Typically, this arrangement would be illegal under the Sherman Act, a federal law that protects marketplace competition. Amateurism is naked price-fixing and restraint of trade. It limits athletes' freedom to negotiate and enter into contracts both with schools and other interested parties. However, antitrust law allows for "procompetitive" agreements between marketplace rivals -- that is, cooperation deemed necessary for a product to exist in the first place. For example: Flash drive manufacturers agree to a USB standard, but compete on the basis of memory size and price. The courts approve. Why? Without a collective standard, the overall market for computer memory peripherals would be harmed.

"We have a standard problem in economics that sometimes competition is not a good idea," says Ernie Nadel, a California-based economist who has worked on antitrust cases involving the NCAA. "Because the market becomes so small, the product would not exist. Even Adam Smith talks about this."

Enter the NCAA. Over and over, in case after case, its lawyers have asserted that amateurism is procompetitive. Akin to the USB standard. Or rules that college athletes have to attend college. Those same lawyers maintain that agreement between schools to restrict athlete compensation is not only what makes college sports distinct, but also what makes them popular -- in other words, fans want college athletes not to be paid, and if that ever changes, demand for the product will plummet, harming the college sports market as a whole.

Given that the NCAA has beaten back a series of antitrust challenges over the last two decades -- amateurism has not yet been ruled illegal -- you might assume that this position is supported by ample testimony. A score of case studies. Thorough economic analysis. A parade of expert witnesses. A veritable Everest of relevant data, something that O'Bannon's legal team will struggle to scale. In fact, you might assume that at some point in time, in at least one previous case, at least one federal judge followed standard practice regarding procompetitive claims and required the NCAA to substantiate its argument with, you know, actual evidence -- to essentially demonstrate that at the end of the aforementioned thought exercise, losing amateurism would make a diehard Alabama fan switch allegiances to Auburn, or maybe just turn off the television altogether, because if college athletes are allowed to be paid market rates to play campus sports, who on Earth wants to watch?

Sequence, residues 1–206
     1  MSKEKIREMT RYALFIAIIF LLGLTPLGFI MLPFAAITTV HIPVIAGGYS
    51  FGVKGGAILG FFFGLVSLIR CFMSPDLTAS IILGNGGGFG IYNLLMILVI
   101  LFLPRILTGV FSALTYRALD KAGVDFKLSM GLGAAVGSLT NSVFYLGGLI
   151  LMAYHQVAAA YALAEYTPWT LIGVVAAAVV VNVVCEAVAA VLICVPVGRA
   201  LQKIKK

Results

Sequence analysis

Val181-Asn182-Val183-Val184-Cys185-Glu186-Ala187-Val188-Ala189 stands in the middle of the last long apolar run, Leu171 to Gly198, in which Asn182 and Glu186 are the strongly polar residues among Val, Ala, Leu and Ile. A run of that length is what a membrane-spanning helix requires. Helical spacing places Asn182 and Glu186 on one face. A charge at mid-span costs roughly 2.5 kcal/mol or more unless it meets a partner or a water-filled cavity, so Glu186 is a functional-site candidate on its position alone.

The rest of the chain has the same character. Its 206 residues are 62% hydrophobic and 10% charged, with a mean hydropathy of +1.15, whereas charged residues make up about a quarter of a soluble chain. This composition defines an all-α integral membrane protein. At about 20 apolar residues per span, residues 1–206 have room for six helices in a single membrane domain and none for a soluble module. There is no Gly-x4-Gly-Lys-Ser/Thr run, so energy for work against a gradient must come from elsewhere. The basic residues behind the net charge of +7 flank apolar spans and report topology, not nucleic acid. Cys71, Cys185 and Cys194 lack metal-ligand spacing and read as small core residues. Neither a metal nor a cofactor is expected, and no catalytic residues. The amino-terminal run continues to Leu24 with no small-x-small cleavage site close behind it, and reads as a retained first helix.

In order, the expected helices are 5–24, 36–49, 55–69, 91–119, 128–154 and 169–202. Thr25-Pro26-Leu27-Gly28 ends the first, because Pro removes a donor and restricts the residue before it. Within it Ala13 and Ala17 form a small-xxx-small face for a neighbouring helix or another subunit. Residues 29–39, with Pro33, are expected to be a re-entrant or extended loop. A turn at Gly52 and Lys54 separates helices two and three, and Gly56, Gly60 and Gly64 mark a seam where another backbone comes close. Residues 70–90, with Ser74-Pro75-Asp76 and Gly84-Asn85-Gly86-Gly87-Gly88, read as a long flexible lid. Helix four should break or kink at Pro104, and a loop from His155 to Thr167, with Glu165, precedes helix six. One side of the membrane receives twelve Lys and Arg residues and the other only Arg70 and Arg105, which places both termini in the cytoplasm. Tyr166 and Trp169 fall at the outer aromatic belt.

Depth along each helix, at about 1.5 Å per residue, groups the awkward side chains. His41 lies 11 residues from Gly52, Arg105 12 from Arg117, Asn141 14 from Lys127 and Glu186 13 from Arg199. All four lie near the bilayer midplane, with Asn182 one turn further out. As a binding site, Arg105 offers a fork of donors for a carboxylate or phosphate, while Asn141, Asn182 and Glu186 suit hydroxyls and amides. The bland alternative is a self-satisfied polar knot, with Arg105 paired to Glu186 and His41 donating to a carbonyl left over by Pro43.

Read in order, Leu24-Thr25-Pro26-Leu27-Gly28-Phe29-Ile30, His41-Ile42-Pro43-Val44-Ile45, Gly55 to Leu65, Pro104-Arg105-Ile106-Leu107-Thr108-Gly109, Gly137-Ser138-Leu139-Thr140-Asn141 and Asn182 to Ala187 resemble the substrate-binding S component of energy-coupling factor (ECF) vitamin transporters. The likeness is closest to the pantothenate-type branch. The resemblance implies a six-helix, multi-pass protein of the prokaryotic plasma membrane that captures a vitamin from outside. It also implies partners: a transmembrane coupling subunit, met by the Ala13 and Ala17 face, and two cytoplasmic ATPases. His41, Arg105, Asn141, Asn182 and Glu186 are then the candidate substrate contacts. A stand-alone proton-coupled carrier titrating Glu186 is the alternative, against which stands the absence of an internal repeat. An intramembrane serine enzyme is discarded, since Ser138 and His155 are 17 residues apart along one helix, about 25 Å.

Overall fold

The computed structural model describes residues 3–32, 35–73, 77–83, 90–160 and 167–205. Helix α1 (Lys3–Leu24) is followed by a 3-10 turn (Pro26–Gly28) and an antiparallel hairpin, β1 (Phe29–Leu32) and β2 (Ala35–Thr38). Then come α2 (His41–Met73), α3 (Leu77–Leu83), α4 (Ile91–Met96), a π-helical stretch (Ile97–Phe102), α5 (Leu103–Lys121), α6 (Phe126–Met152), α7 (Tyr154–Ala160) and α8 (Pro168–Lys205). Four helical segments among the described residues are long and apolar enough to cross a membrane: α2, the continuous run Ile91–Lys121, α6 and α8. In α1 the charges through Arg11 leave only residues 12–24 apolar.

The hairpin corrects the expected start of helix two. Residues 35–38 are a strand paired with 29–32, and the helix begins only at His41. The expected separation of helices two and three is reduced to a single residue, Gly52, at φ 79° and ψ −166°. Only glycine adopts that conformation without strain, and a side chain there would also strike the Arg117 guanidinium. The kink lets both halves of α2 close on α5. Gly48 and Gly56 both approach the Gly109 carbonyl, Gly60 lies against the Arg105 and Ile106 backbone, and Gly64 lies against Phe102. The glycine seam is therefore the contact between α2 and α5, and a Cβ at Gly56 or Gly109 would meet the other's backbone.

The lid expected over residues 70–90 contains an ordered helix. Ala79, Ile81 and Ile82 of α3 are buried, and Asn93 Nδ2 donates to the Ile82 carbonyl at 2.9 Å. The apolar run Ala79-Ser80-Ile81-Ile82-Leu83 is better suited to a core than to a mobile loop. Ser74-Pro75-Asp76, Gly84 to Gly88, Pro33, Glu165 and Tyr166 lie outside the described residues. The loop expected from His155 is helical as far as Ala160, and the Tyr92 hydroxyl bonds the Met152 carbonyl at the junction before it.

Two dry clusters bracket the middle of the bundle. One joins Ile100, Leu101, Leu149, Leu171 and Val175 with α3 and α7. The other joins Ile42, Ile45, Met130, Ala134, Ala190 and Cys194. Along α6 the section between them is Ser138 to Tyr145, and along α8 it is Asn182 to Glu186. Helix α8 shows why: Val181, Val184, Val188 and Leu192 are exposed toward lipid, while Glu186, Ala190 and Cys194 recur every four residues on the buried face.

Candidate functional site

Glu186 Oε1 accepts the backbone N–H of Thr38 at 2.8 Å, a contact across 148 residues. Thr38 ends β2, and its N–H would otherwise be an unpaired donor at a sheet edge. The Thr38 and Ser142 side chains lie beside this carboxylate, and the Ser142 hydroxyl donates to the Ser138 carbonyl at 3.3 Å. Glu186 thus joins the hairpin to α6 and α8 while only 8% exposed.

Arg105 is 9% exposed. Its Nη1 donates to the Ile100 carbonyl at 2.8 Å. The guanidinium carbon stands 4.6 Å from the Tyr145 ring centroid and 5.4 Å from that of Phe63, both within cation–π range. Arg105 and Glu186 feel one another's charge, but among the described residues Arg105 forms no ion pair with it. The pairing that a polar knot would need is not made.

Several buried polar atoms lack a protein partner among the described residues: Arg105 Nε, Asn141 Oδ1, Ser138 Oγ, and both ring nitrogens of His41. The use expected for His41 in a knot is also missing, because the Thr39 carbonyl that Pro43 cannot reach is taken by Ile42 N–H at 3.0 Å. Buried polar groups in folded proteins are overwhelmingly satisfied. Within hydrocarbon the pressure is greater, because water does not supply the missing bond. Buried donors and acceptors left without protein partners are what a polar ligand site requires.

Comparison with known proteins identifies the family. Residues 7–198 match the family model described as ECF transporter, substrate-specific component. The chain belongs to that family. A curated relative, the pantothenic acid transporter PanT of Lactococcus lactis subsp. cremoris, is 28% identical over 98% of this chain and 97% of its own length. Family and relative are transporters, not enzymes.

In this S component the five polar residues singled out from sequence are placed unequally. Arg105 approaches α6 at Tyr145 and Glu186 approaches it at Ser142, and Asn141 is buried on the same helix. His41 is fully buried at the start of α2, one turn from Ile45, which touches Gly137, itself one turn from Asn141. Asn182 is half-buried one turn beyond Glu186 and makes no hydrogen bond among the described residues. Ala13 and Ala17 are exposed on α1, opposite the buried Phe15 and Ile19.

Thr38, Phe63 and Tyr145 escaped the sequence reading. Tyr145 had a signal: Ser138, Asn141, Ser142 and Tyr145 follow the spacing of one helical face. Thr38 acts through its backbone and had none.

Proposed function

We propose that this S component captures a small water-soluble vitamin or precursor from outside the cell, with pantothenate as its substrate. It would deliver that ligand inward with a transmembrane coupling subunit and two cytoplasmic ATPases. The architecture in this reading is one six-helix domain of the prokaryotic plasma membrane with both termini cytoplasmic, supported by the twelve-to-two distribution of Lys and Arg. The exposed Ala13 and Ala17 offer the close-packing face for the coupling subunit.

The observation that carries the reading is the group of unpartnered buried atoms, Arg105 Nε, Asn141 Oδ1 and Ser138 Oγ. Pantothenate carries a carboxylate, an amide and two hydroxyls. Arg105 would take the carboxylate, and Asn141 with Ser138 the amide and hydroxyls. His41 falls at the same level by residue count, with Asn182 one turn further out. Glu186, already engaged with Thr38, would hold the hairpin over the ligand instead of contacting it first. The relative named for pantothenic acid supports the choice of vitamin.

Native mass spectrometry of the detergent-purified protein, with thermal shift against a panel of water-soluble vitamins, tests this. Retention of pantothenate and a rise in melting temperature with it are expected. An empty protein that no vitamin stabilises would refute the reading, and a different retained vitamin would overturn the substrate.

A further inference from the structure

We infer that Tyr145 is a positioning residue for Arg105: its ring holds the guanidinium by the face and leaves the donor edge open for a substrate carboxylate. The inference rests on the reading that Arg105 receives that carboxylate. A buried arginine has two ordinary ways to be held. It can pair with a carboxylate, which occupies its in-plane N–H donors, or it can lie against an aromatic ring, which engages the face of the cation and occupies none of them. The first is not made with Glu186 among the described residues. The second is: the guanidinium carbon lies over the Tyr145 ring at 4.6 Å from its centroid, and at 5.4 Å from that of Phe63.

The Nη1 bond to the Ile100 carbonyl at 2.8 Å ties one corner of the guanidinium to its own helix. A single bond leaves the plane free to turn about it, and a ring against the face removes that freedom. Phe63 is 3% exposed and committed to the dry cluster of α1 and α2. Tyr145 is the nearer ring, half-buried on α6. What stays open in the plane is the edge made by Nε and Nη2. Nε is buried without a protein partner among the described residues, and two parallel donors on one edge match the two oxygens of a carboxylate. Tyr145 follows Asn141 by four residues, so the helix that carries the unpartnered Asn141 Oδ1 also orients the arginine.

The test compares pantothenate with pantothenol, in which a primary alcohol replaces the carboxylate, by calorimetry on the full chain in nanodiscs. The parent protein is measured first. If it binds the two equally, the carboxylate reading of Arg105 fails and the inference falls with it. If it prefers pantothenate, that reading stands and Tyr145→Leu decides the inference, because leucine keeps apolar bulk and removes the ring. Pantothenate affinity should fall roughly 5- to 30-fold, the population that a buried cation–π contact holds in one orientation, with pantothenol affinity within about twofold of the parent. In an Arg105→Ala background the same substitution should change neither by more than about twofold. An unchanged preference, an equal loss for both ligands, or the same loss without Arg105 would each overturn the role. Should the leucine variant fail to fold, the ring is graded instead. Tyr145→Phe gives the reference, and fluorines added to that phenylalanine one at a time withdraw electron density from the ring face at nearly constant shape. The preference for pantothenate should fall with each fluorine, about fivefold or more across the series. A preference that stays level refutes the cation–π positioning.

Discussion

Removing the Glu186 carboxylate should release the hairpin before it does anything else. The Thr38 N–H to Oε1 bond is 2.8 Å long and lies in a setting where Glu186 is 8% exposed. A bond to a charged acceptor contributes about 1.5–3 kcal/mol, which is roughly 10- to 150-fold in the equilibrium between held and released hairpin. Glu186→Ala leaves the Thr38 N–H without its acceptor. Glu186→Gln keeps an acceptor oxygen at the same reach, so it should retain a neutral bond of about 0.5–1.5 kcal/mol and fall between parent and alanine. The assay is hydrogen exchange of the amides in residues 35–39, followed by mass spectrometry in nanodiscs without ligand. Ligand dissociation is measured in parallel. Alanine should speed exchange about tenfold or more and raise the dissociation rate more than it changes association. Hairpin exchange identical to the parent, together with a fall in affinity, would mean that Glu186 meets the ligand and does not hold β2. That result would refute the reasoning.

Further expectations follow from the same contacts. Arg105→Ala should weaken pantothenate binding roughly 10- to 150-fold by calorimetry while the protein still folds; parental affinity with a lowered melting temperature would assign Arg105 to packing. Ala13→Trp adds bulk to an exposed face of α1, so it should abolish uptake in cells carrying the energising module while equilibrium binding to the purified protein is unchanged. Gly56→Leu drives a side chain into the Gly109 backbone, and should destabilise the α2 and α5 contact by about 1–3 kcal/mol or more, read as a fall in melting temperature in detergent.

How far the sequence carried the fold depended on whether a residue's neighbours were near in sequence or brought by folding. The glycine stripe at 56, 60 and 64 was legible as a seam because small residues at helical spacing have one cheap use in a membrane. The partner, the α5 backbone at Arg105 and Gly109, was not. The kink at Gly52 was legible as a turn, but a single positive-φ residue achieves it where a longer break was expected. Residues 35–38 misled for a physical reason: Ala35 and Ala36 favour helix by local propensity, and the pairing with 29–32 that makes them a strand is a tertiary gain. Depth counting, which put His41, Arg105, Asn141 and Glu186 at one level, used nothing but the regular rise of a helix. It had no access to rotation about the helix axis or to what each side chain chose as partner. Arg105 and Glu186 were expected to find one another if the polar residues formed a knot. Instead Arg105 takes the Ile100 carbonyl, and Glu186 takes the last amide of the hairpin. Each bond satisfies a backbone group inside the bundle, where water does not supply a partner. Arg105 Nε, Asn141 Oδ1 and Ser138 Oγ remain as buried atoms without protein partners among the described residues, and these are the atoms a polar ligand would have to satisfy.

Guess again.

Just as amateurism itself is philosophical cotton candy -- a concept its supposed ancient Greek Olympic originators would have laughed at; a concept the NCAA continually redefines in arbitrary and self-serving fashion; a concept inherited from Victorian Era English snobs who didn't want to row crew against unwashed factory workers, and didn't we fight a Revolutionary War to distance ourselves from that sort of thinking? -- amateurism's status as procompetitive is puffed-up nonsense. Dig into legal history, and there's no there there. Just a flimsy series of tautological assurances and sentimental musings from federal judges who really ought to know better.

Most of the blame belongs with the Supreme Court.

In the mid-1980s, the University of Oklahoma and the University of Georgia brought an antitrust suit against the NCAA over the its iron-fisted control of televised college football rights. NCAA lawyers claimed the restrictions were procompetitive and necessary for the survival of the sport because they encouraged both in-stadium game attendance and competitive balance. Oklahoma and Georgia argued that the same restrictions were anticompetitive because they fixed the price of game broadcasts and placed an artificial cap on the total number of televised games -- two things that were hurting college football. Federal courts ruled against the NCAA. The Supreme Court agreed. Subsequent history -- you're familiar with ESPN, ESPNU, the Big Ten Network and the Longhorn Network, right? -- has proven them correct.

In the Court's majority opinion, however, Justice John Paul Stevens also wrote the following: